I can't really endorse the American position because it seems undemocratic, on the level of nations, to refuse to accept a global consensus simply because it isn't in perfect agreement with our own beliefs, and it seems worse to refuse even to engage the rest of the world in defense of those beliefs. If there is to be a truly global civilization, it almost certainly will not be an enlarged reproduction of the United States. Americans may have to accommodate and compromise, just like every other nationality and culture. If Muslims want the rest of the world to renounce certain prerogatives, they had better do some renouncing of their own. Inevitably they will if the world survives. But if we expect them to learn to compromise, we should teach by example. Instead we're showing them how to sulk until everyone else capitulates. There has to be a better approach, but Obama and Clinton haven't figured it out yet.

5 comments:

Crhymethinc said...

I would say that Zionism is inherently racist because the basis of its doctrine is that the Jewish people are the "chosen people" of "god" and that everyone else, by inference, are at best, second rate humans in the eyes of "god". As there is no proof that this "god" person exists, then the very doctrine of Zionism is questionable. As long as any group of people claim to have "divine" based rights, that people must be considered superstitious, ignorant and probably dangerous to civilized society.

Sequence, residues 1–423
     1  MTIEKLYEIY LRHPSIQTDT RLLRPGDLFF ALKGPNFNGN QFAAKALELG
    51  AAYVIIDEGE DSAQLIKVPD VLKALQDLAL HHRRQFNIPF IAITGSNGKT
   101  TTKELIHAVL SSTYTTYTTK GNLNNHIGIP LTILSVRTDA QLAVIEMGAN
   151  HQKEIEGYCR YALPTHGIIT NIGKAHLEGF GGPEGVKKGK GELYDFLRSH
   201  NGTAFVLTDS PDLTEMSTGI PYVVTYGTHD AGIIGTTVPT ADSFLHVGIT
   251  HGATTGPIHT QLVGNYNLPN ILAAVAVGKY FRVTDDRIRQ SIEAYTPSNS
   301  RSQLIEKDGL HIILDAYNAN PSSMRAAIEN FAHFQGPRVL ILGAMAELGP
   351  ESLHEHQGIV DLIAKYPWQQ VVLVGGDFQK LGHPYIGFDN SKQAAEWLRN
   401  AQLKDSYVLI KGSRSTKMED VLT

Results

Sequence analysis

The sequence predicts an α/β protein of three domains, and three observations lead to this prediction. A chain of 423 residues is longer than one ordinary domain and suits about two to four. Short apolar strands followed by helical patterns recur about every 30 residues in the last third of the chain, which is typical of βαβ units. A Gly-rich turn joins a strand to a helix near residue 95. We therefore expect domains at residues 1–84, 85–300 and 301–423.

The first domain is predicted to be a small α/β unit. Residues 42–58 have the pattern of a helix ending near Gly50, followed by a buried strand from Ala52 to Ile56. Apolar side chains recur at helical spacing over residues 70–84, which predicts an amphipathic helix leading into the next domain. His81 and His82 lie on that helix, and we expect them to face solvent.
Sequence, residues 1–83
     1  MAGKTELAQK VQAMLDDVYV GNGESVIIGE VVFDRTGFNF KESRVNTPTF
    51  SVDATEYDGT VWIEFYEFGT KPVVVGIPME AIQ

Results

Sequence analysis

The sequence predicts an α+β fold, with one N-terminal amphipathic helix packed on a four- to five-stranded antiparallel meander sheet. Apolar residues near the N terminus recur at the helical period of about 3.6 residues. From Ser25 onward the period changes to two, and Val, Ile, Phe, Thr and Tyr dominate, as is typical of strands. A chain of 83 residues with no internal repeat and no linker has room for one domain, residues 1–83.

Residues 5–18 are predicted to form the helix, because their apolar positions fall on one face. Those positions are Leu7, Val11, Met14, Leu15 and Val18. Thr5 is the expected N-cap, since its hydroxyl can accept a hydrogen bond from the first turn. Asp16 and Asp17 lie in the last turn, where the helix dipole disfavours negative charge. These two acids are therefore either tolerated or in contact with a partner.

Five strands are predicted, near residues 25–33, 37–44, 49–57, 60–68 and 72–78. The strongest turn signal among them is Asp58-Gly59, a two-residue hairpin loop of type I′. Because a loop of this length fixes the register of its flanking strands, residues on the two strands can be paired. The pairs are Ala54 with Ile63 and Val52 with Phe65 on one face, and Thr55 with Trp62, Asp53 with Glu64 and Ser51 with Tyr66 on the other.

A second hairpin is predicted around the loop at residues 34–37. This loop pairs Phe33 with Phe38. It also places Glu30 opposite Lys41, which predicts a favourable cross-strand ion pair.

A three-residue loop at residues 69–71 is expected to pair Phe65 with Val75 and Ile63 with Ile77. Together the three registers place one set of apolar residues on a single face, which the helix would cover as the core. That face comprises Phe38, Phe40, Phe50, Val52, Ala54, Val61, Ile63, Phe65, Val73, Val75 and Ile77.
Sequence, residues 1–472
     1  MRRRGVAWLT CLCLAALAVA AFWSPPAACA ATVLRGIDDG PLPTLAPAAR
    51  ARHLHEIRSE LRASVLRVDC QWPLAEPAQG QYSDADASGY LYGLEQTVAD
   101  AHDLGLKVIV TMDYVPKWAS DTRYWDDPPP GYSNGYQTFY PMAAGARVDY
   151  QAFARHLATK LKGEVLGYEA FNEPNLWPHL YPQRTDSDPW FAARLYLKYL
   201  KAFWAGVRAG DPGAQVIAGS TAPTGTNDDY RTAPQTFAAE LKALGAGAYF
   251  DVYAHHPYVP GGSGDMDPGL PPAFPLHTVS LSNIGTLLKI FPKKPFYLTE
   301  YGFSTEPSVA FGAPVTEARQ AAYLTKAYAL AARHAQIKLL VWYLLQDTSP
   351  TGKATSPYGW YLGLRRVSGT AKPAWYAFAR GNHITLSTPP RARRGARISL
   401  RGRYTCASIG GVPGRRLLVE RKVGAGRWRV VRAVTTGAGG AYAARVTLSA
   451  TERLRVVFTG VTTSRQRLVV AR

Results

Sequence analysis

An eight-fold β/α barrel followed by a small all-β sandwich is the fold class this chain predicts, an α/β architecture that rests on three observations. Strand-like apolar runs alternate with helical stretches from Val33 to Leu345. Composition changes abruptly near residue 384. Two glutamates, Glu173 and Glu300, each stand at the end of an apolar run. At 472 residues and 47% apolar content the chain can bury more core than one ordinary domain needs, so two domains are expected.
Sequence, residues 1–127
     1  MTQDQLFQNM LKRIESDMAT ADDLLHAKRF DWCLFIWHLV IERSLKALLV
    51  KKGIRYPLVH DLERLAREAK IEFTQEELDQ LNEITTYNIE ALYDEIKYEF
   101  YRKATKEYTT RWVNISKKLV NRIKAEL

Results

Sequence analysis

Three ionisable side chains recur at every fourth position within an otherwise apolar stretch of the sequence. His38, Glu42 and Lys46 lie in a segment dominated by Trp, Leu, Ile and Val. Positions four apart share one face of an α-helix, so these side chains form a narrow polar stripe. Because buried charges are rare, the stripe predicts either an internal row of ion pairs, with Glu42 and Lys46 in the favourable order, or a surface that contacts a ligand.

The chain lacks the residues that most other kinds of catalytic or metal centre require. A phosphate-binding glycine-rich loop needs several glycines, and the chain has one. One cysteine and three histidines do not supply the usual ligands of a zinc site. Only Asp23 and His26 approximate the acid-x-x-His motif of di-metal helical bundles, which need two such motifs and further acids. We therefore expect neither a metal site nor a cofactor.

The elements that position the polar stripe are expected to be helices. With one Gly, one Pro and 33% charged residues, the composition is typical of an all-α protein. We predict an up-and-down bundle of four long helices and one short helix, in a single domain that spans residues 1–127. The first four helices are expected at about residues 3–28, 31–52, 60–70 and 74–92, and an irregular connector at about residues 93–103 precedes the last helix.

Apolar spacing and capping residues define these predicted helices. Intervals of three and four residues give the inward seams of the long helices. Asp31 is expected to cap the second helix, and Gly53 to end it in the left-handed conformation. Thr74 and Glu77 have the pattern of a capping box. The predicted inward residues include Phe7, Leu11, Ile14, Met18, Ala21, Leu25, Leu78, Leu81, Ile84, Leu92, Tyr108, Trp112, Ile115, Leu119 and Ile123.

Samuel Wilson said...

Not to be provocative, but you're commenting more on Judaism itself than Zionism. Many Zionists were secularists who didn't necessarily subscribe to the "chosen people" idea, but did believe that the Jewish people as a nationality were entitled to a national home. On the other hand, some strictly religious Jews oppose Zionism because they believe that the chosen people can't get their land back until the Messiah comes.

Crhymethinc said...

But the word "Zion" itself is a biblical reference to the promised land. If not by "god", then promised by whom? Without "god" as the giver of the homeland, they have no foot to stand on, in so far as a homeland goes. And why the word "Zionism" as opposed to Judea-ism or Israelism? And why the unwillingness to recognize that Palestinians, by the same logic, also merit a homeland? (Except that "god" never promised the Palestinians a homeland.)

Samuel Wilson said...

I was trying to suggest that Zionism was really just another nationalist movement, and that like all the rest, it wasn't entirely dependent on a notion that a land had been promised to them by God. Kurds don't consider themselves a "chosen people," as far as I know, but they do consider themselves a nation, and many believe that fact entitles them to have a nation. The same applies to the Basques and the Kosovars and also to secular Jews. The racism of such movements doesn't derive from their claims for themselves but their refusal to accommodate the claims of other people and nations.

Crhymethinc said...

Yes, but there is a difference between saying "as a genetically related group of people, we feel we are entitled to a homeland". And saying "God told us we're his favorites and he said we can have this land, so whatever we do to get control is not up for discussion and is not questionable." Again, I point to the word "Zionism" and the fact that it only has biblical connotations, as to calling their movement the Judean movement or the Israeli movement.